Book Review: The Book of the Dead by Douglas Preston and Lincoln Child

FBI agent Aloysius Pendergast is back in this riveting follow-up to Dance of Death, which picks up with the mysterious delivery of a package leaking a brown powder. Careful analysis proves the powder to be the pulverized remains of the New York Museum of Natural History’s stolen diamond collection, all 6,042 carats worth. Why would someone go through all the effort of pulling off such an amazing heist just to grind the priceless gems to dust? Pendergast isn’t in a position to investigate as he is incarcerated at a maximum-security prison for killing a number of people, crimes he was carefully framed for by his younger brother Diogenes.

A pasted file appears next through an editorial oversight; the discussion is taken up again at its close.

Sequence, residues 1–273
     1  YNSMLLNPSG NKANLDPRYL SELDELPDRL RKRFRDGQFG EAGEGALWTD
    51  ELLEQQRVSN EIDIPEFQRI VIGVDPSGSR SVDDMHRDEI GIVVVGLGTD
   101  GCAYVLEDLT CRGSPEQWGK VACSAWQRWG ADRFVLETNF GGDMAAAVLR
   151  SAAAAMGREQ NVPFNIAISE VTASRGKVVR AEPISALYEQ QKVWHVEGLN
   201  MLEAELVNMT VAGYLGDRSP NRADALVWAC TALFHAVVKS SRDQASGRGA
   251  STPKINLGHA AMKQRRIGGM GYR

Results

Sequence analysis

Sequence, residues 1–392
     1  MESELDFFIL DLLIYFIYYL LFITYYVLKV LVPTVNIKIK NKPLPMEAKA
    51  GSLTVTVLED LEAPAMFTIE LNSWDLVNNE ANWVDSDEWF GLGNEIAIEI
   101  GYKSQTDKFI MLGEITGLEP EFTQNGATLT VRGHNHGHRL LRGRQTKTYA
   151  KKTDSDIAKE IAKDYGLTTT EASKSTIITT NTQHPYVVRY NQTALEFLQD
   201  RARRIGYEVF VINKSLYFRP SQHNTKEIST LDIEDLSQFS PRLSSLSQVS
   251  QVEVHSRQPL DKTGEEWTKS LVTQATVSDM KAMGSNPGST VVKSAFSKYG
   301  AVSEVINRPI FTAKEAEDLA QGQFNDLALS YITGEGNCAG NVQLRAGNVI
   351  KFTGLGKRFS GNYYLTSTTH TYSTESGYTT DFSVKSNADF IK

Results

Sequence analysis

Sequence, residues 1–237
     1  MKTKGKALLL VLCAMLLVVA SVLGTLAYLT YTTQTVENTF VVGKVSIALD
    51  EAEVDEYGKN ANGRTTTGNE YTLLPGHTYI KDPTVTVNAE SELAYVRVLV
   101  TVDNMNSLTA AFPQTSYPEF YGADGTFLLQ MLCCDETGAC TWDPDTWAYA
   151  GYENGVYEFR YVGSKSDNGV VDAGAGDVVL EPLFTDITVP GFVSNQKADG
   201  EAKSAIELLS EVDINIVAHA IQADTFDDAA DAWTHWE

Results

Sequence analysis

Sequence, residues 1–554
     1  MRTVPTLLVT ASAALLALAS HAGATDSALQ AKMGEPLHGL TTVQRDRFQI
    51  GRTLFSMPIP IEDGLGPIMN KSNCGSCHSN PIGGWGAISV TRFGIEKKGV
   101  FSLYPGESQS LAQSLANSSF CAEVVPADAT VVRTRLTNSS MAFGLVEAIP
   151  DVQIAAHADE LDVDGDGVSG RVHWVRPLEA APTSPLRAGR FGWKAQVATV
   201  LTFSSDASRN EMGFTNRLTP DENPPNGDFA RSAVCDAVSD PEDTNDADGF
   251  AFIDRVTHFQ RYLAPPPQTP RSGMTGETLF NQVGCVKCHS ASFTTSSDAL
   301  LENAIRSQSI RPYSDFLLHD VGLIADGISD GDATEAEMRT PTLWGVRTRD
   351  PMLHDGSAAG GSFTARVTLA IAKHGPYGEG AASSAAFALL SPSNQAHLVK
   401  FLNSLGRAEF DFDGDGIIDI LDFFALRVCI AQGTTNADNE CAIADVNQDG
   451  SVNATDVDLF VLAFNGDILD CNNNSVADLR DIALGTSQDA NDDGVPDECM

If ever there was a time the museum needed a gala event to boost moral and public support it would be now and as it so happens, a rich count is willing to donate significant funds to the restoration and reopening of the Egyptian Tomb of Senef closed since the 1930’s. It was a career maker for several museum staff members, too bad the Tomb reopening would also be their deaths, as whispered memories of an ancient curse appear to be coming true. One by one members of the restoration team suffer hideous deaths or succumb to utter madness although thorough testing indicates there are no viruses or toxic agents present within the tomb.

Pendergast’s friends work on an elaborate escape plan while his brilliant, yet tragically flawed brother begins putting into motion the final pieces of a cunning plot for revenge. The two will find themselves pitted against one another in a chess-like showdown with a satisfying although not unexpected twist. This one will leave readers wanting more.

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